This month, 50 world leaders gathered in Washington DC to talk about what measures could be taken to prevent terrorists from accessing nuclear or radiological material. It was the latest in a series of summits which have made important progress in securing nuclear materials.
But the nuclear dangers facing the UK are far larger than those focused on by the summit. They have no easy answers. But if politicians from all our major parties don't confront them, there's just a chance that all of us will regret it.
Terrorists are not the main problem
The risk that terrorists might seek to acquire nuclear materials cannot be discounted. Acquiring materials that could be used in nuclear weapons would be catastrophic. But it is also unlikely: there has been an active effort to secure all weapons-usable fissile material and a large number of sting operations.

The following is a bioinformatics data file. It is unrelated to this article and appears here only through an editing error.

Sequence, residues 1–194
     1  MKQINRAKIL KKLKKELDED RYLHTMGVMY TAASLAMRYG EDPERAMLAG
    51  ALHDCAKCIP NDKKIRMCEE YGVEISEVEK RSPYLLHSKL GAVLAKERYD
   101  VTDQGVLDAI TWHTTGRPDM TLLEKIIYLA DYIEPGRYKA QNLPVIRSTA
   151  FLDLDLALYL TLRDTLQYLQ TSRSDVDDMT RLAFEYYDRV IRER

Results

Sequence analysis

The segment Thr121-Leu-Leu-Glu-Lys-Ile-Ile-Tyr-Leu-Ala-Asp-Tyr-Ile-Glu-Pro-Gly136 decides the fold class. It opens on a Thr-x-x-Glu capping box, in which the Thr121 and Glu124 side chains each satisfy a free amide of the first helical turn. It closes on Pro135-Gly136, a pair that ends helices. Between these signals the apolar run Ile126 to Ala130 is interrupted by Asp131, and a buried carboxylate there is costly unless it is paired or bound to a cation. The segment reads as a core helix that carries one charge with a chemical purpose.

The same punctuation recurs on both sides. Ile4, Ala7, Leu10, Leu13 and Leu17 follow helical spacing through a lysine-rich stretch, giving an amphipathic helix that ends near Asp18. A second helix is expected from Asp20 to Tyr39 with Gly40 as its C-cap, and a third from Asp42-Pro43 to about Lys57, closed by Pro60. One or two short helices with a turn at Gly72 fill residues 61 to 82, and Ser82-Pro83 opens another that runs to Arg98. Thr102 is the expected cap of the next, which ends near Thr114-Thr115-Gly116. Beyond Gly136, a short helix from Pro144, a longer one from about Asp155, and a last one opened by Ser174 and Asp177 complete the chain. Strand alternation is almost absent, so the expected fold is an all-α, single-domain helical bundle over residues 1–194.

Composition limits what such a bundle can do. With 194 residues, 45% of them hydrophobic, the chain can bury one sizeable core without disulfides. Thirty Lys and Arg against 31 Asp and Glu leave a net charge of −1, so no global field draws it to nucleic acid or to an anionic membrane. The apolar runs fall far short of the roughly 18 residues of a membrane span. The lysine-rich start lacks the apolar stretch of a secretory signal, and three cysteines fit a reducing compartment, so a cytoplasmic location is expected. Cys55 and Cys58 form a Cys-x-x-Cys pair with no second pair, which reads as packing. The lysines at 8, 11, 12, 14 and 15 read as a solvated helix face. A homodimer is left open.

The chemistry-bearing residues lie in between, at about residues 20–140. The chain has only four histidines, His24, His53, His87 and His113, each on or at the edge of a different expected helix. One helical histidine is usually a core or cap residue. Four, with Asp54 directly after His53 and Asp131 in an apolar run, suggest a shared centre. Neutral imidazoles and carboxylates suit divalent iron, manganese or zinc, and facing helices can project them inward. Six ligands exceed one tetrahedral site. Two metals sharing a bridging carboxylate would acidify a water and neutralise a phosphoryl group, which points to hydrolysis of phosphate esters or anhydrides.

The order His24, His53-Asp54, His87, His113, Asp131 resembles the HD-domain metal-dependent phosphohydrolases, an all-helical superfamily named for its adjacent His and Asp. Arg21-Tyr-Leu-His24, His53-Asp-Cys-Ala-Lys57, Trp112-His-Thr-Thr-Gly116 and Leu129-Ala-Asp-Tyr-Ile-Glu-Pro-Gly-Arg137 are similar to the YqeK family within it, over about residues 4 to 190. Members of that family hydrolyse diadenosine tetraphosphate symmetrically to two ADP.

There are still concerns about potential "loose" nuclear materials from the former Soviet Union, and about the possibility that Pakistani nuclear weapons might be lost or stolen. There are also concerns about the vulnerability of nuclear facilities to sabotage or terrorist attack.The nuclear security summit process has helped to reduce these risks, but the risks cannot be eliminated entirely.
Nonetheless, there is a risk that the effort and attention devoted by the summit to this issue might have detracted – or at least not have helped fight – much broader nuclear dangers.